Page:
|Procrastinating & Changing Yourself|
|By Carl ToersBijns, former deputy warden, ASPC Eyman, Florence AZ|
Life is full of challenges. Some are faced daily and require decision making moments either spontaneously or with deliberate thinking. If you have been experiencing trouble making up your mind about things, there are some bad habits to overcome and make you a better decision maker by starting to make better and more positive changes to your lifestyle and in your life.
A person's promise to change can benefit many including you. If you like to make a change and believe you can't do it, then there are barriers in the way of progress that only you can remove with strategies and personal development skills that will allow you to deal with these matters rather than dodging them. Remember the reality is when you procrastinate; you deliberately delay or prolong the inevitable. Many times, deferring a problem or dealing with issues is not a viable option and needs direct intervention or decision making in a sound and timely manner.
In order to change you have to bring up your awareness to this impulse to delay or prolong decisions. You have to be aware that action is required and adjust your thinking for the right accommodation to be made, accept responsibility for that act and prepare yourself for the actualization that I can or will happen. Increasing your awareness will allow you to know what is going on around you and how you adjust yourself through assertiveness and sometimes aggressiveness in your position depending on the circumstances.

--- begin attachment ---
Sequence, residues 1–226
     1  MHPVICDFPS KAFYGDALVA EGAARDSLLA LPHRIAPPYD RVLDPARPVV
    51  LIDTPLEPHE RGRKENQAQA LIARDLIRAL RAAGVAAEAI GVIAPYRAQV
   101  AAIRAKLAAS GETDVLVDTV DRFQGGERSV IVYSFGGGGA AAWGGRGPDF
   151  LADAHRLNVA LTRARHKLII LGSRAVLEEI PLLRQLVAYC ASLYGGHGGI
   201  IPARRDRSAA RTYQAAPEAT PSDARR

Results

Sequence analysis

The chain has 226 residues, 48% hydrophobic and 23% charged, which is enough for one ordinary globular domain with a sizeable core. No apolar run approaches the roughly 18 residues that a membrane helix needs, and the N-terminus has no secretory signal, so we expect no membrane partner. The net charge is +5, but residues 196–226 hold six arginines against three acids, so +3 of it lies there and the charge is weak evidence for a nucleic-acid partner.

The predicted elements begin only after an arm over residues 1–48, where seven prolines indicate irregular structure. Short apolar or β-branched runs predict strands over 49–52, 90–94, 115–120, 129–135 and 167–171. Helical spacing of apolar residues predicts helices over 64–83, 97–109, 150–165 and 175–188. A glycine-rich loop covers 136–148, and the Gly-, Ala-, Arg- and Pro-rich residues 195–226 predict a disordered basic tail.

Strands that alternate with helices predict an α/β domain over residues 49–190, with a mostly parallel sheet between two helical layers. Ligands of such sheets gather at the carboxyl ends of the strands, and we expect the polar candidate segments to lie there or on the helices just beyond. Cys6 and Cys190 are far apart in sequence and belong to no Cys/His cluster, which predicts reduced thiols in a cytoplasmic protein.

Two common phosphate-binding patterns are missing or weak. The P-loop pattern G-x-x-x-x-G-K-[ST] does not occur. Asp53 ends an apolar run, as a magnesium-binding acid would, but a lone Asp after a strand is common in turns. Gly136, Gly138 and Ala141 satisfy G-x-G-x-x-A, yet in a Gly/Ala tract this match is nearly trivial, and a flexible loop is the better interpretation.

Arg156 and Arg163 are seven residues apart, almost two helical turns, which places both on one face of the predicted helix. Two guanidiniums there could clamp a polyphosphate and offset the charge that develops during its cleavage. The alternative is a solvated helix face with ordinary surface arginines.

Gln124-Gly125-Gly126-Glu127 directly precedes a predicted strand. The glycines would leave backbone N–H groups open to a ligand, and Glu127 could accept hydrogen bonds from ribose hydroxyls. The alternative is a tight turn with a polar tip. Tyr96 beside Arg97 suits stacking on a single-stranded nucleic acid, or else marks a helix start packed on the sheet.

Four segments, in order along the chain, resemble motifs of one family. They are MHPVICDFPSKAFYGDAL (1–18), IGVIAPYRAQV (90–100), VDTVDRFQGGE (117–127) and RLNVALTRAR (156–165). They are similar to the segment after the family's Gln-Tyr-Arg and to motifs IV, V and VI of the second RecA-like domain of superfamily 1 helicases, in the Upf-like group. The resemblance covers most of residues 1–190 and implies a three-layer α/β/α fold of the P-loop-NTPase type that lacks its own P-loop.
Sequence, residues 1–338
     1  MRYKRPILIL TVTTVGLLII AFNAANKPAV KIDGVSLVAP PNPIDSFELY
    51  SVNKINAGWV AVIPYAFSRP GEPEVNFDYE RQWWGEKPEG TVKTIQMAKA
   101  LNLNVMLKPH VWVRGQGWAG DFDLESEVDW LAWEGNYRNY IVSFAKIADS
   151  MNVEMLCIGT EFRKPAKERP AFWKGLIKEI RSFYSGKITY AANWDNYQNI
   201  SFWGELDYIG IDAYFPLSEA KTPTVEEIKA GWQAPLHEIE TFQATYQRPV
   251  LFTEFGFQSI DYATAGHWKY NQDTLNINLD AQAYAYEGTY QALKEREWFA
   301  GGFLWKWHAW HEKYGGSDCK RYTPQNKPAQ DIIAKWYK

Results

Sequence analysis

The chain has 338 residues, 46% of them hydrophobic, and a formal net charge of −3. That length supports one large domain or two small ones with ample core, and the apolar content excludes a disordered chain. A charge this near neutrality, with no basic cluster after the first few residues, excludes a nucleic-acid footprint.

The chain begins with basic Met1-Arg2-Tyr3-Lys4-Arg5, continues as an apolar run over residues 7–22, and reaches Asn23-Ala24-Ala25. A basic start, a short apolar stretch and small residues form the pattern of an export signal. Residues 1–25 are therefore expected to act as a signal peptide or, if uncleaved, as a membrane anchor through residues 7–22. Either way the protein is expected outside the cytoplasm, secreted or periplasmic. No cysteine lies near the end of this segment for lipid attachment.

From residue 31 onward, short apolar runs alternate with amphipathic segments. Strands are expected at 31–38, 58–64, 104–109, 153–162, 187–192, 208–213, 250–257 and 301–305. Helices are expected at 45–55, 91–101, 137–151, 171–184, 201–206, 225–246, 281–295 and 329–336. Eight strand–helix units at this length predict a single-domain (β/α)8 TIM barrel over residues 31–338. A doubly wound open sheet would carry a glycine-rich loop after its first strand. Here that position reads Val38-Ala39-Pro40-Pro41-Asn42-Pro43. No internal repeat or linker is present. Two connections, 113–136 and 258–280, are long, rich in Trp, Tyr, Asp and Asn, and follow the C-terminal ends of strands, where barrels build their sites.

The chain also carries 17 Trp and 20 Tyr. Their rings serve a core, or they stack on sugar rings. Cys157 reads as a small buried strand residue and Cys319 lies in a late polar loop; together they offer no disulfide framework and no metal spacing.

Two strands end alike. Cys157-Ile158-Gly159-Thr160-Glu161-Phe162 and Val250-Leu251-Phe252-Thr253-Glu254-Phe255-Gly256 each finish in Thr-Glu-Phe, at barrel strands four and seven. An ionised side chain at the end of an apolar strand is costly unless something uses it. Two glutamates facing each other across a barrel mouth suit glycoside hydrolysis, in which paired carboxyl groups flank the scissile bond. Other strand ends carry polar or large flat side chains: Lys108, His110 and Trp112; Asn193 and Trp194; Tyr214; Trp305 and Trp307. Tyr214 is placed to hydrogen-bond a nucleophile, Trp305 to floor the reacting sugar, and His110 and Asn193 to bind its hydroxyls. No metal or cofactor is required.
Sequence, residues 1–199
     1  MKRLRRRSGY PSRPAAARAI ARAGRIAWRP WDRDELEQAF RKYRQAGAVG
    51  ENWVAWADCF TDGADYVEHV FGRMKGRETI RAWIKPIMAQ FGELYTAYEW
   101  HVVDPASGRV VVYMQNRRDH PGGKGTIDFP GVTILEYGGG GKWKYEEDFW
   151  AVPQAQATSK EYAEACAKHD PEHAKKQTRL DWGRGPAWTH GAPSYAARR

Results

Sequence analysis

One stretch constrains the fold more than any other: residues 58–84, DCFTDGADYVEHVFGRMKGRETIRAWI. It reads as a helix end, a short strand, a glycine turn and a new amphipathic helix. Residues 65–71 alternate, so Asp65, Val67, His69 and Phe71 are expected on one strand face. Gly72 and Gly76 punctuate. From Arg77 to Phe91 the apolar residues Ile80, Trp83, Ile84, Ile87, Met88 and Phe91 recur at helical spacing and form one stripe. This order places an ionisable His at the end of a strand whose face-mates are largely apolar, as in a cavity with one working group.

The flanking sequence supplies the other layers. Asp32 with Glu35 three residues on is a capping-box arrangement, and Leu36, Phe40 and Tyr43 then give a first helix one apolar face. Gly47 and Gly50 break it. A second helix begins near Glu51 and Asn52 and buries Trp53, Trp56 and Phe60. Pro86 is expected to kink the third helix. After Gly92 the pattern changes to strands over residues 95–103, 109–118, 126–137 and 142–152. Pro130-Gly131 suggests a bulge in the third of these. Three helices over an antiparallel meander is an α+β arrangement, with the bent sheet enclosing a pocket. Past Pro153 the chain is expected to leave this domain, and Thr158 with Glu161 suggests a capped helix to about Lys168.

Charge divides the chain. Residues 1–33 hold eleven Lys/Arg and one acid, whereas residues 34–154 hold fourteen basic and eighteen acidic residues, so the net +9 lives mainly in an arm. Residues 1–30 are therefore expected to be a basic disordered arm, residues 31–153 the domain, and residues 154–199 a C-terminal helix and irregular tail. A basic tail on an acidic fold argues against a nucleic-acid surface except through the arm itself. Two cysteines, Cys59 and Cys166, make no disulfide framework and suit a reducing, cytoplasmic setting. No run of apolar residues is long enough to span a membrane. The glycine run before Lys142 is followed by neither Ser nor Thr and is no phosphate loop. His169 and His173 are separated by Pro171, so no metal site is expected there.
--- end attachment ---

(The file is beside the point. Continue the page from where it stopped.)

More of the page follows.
You must not fear rejection or even embarrassment for voicing your opinion, your strategies or your position on matters of importance or non-importance depending on your priorities in life. Focusing on what your goal is and what your desired outcome of accomplishment is very important in this step that puts you right there to resolve this inner conflict of changing your thinking and behavior.
Actualization and taking action requires the use of your cognitive skills that include your emotions, your skills, knowledge and behavioral habits. Making a self-assessment of your cognitive actions can help ending procrastination. Determining your own priorities or in some cases, organizational priorities can help you decide how and when to resolve the problem. It comes down to whether you want to make changes or not as well as when to execute your decision delaying those not considered a priority at the time. This must be fluid as things can change your priorities quickly. Pulling yourself together and making the accommodations to be successful is necessary for a positive change to occur.
Resolving paradoxes and inconsistencies is the key to this process of change. You must take responsibility for these changes and be resilient in mannerism as this builds consistencies and confidence in the manner you make your decision from this point on without procrastination being you enemy in the process of becoming a positive thinker.
Editor’s note: Carl ToersBijns (retired), worked in corrections for over 25 yrs He held positions of a Correctional Officer I, II, III [Captain] Chief of Security Mental Health Treatment Center – Program Director – Associate Warden - Deputy Warden of Administration & Operations. Car’s prison philosophy is all about the safety of the public, staff and inmates, "I believe my strongest quality is that I create strategies that are practical, functional and cost effective."
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